It seems probable that many released prisoners do not understand the nature of the build-up and erosion of tolerance that an addictive substance like heroin causes. I can imagine the hysteria of papers such as the Daily Mail or the Daily Telegraph if the government announced it intended to teach prisoners about the safe use of heroin during their sentences but I find it abhorrent that the unsafe use is not even taught so that the number of deaths in this area could be reduced.

The idea that a shortage of heroin is driving people to use other substances misses a glaring simplicity underlying the real difficulty with reducing the harms cause by substance misuse. There are people who take drugs because they like to take drugs. They will take any substance available if it will give them the effect they are seeking. We saw, over the past couple of years, how demand for mephedrone escalated at a time when ecstasy being sold in clubs often had so little of the active ingredient, MDMA, that its only action must have been the placebo effect. That is, people behaving as they would after taking ecstasy because they believed they had taken ecstasy.

As an aside, the Ayrshire Post doesn’t give more details of the ten diazepam related deaths in 2010. The prohibition lobby, generally, likes people to think that deaths due to prescription medicines are the result of ‘addicts’ obtaining supplies illicitly and using them as a substitute for or supplement to heroin. There is a tendency to want to ignore the reality that ordinary people can develop problems with prescribed medicines because that means recognising that any of us could find ourselves facing that situation. It is probable that the difficulty of getting to grips with the growing problem of prescribed medicine overdose has something to do with the reluctance of people to accept that have a problem for fear of being branded as ‘junkies’ or ‘addicts’.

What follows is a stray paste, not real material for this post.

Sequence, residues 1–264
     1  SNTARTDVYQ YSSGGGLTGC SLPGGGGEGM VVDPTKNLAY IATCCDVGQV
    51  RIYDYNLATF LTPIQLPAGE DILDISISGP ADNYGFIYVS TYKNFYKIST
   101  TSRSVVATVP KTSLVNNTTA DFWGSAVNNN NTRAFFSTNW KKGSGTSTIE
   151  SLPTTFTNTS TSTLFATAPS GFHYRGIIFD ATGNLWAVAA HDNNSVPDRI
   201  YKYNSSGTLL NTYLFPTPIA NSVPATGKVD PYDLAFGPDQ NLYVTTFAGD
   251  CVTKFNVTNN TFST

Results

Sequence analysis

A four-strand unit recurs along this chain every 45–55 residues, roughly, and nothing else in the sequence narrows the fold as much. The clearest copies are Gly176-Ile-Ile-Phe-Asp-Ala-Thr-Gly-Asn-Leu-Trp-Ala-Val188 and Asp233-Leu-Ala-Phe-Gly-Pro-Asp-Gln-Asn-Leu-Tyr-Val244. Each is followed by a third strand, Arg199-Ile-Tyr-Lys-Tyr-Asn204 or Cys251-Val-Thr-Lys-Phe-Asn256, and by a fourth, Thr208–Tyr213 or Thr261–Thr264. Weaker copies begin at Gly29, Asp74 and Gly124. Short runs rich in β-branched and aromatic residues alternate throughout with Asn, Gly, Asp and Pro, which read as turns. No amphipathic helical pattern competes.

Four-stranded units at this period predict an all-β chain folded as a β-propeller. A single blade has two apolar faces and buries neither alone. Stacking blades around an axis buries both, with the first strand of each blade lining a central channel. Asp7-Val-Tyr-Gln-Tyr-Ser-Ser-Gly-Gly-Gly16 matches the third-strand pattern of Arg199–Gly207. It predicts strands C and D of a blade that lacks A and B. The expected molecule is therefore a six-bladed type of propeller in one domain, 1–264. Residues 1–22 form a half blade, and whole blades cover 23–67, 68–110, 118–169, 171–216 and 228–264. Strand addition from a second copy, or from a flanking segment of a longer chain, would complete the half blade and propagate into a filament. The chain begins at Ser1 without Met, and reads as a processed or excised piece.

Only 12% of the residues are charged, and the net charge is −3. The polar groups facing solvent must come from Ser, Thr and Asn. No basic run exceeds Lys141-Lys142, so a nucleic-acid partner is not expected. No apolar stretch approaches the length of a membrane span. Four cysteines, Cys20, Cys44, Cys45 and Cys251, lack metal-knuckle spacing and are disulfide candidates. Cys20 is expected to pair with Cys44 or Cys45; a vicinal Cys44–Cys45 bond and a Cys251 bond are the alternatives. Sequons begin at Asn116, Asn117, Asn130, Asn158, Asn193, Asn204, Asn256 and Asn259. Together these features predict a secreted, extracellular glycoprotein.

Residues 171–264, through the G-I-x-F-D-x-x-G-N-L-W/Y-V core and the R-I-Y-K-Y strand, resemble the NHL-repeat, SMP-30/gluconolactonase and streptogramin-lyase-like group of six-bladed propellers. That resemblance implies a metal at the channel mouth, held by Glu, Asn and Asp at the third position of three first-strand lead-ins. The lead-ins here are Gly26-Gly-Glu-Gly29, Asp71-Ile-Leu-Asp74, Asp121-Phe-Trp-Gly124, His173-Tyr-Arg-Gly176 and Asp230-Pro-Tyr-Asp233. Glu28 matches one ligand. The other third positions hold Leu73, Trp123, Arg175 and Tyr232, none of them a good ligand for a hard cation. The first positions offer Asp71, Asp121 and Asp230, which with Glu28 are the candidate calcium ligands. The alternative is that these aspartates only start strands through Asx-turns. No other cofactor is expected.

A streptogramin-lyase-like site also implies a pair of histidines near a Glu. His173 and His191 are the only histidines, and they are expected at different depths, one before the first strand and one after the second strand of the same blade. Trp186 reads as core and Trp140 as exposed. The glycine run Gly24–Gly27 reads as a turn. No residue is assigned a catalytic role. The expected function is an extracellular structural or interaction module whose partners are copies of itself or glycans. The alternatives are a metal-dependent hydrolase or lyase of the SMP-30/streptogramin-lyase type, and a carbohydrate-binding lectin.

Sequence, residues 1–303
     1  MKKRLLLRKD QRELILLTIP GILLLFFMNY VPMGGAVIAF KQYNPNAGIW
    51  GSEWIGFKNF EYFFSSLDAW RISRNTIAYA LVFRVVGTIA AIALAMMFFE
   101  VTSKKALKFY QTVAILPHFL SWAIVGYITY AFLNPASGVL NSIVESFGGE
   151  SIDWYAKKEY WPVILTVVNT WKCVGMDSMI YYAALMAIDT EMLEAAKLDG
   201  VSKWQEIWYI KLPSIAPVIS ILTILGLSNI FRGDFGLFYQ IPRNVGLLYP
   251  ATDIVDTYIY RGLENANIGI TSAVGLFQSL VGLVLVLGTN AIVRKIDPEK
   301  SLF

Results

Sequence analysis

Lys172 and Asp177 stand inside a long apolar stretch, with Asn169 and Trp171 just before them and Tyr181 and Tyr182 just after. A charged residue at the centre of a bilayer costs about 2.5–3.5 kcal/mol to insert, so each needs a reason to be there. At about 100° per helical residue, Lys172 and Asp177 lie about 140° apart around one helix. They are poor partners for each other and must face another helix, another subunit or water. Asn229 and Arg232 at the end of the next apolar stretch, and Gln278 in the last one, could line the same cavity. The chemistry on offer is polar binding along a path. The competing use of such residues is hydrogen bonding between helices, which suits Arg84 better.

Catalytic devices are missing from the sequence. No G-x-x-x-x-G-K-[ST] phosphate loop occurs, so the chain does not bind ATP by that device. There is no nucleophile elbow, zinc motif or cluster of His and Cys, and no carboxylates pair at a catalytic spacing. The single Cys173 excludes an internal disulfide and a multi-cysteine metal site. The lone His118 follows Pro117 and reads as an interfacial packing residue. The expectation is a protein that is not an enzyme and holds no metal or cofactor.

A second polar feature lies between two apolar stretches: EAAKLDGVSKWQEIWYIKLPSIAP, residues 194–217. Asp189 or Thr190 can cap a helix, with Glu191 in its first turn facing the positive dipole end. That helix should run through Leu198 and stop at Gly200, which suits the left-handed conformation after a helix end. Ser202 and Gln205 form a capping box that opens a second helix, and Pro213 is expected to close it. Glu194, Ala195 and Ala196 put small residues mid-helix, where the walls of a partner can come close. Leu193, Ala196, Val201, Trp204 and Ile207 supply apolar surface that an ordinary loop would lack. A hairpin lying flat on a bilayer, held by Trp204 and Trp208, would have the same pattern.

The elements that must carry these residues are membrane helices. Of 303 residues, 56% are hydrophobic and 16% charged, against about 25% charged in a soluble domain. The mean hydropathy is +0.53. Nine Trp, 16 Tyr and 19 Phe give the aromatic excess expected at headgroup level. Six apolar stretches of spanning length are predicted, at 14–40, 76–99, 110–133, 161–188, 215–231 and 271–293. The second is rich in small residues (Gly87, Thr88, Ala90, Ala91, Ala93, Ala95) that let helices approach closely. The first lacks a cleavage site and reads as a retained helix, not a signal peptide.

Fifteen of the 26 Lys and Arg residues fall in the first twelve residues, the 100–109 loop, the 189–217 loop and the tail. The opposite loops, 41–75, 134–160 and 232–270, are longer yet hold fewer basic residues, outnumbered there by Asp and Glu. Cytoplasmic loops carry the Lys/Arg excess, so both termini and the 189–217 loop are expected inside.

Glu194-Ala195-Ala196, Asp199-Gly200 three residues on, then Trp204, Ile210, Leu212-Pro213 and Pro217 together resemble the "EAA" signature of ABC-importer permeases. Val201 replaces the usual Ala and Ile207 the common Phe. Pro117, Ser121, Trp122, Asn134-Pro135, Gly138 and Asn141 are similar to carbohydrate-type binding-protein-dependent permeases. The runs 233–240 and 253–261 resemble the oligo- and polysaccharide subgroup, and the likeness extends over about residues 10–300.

The comments of the MSP are typical of politicians who either haven’t bothered to try and understand the situation regarding psychoactive substances or understand it but are afraid to express their opinions for fear of being attacked by the prohibition lobby, which relies on instilling fear in the public to convince them that the only way to deal with drug use is to eliminate it.

The human race has been using psychoactive substances for as long as we have records of human activities. That does not, for a moment, mean we should condone such use and adopt a laissez faire attitude to substances. It does, however, mean that we should look at how to best help those of us who are unable to resist the lure of such substances.

Prohibition means that we focus on the statistics for seizures, arrests and punishment. We need a regulatory regime that is wholly focussed on the number of drug deaths and how to reduce it. The present system will only lead to the Ayrshire numbers being higher, again, in 2020.